Laos adopts new measure to combat corruption: party expulsion

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    The Lao government has stepped up its crackdown on corruption by expelling state employees in Bokeo province from the Lao People’s Revolutionary Party, the country’s sole political party.

    A state inspector’s office review of investment projects this year in the northern province found that some projects were paid for by money embezzled from the state fund. One project uncovered by the review involved 17 employees and nearly 2 trillion kip (U.S. $176 million) in government money.

    Eight of the employees were disciplined, demoted and prohibited from working for the party. The other nine were expelled from the party, a Bokeo official said.

    “Projects valued at less than 20 billion kip [U.S. $1.8 million] are approved by the National Assembly, and they are to promote or train village authorities or villagers in the target areas of agriculture and animal raising,” said the official, speaking on condition of anonymity for safety reasons.

    The effort to weed out corruption in Bokeo, which borders Myanmar and Thailand, is part of a larger campaign to crack down on graft in Laos.

    Prime Minister Phankham Viphavanh pledged to stamp out corruption, bribery, fraud and other malfeasance by state officials in a speech to the Lao National Assembly in August. He asked lawmakers and members of the public to monitor officials’ performance and to report wrongdoings.

    The country’s National Assembly is largely a rubber-stamp parliament that approves the party’s decisions. The party has a constitutionally guaranteed monopoly on state power and maintains centralized control over the economy and military.

    Corruption is believed to exist at every level of government in Laos. It is difficult to uproot because it has become part of the country’s culture. In the past, employees who have taken bribes or siphoned off money from government projects have been demoted or transferred to other positions, not kicked out of the party.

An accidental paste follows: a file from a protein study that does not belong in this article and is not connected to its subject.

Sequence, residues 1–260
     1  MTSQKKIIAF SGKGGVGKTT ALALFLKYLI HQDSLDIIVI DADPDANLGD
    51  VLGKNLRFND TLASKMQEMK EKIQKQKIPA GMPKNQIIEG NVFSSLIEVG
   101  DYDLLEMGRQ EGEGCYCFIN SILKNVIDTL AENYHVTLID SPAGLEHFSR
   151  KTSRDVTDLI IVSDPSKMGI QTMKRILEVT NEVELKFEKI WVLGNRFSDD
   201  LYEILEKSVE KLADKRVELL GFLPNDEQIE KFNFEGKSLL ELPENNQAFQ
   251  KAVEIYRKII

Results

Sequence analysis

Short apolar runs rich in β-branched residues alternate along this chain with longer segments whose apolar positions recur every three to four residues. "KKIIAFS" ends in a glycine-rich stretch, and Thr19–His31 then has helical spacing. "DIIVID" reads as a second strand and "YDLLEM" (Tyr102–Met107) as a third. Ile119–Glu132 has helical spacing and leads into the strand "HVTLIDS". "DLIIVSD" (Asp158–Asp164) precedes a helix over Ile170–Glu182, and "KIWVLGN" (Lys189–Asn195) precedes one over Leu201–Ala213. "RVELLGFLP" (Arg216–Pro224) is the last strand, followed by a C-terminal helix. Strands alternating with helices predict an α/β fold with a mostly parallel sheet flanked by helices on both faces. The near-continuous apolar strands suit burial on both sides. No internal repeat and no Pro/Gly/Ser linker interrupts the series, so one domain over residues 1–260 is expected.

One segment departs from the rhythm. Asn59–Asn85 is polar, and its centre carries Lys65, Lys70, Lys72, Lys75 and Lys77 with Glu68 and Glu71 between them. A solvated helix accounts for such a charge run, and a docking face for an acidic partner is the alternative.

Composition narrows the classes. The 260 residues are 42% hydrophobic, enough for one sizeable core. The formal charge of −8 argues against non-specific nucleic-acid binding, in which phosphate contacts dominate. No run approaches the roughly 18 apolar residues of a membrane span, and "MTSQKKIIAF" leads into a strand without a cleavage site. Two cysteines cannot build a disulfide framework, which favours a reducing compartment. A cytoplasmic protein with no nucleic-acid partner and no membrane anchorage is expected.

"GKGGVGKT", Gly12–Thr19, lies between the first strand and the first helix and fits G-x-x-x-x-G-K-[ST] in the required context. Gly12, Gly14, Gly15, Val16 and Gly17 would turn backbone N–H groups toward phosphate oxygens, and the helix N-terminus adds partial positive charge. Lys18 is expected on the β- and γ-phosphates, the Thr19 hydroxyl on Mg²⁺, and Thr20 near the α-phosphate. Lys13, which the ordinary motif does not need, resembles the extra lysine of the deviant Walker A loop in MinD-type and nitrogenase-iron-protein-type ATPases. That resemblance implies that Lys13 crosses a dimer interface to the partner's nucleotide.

The Bokeo official said those who control the funds at the provincial level pocket about 10-20% of the money they receive from the Finance Ministry. They file false reports showing the money went to other projects in an effort to account for the discrepancies,

    Villagers who lose out when officials steal money from program funds want authorities to crackdown on corrupt government workers. One villager in Bokeo province told RFA that he would like bad actors to serve jail time, whereas typically they receive little more than a slap on the wrist.

    Another villager agreed that stronger disciplinary measures must be taken.

    “For the problem to be resolved, corruption must come down, but it isn’t,” he told RFA.

    A third villager agreed that the government should be stricter in punishing state employees found to be corrupt.

    “If the government intends to crack down on corruption as it said it would, then it’s good thing, but as we see now there are a lot of state employees who take bribes from concessions under the table,” said the man, who declined to be named for safety reasons.

    In September, the Finance Ministry disciplined two state employees from the Tax Department in Hua Phanh province for corruption. The workers — the head of the department and the deputy — were demoted but did not serve any jail time.

    In 2020, the Office of the Inspector General and a central government anti-corruption unit investigated 650 state projects throughout Laos and found that many did not comply with government rules and regulation, resulting in nearly 1.6 trillion kip (U.S. $141 million) in lost revenue. The investigators determined that two dozen people were involved in corruption, 16 of whom were state employees.

    Berlin-based Transparency International’s 2020 Corruption Perceptions Index ranked Laos 134 of 180 countries it evaluated in fighting corruption.

    Reported by RFA’s Lao Service. Translated by Sidney Khotpanya. Written in English by Roseanne Gerin.

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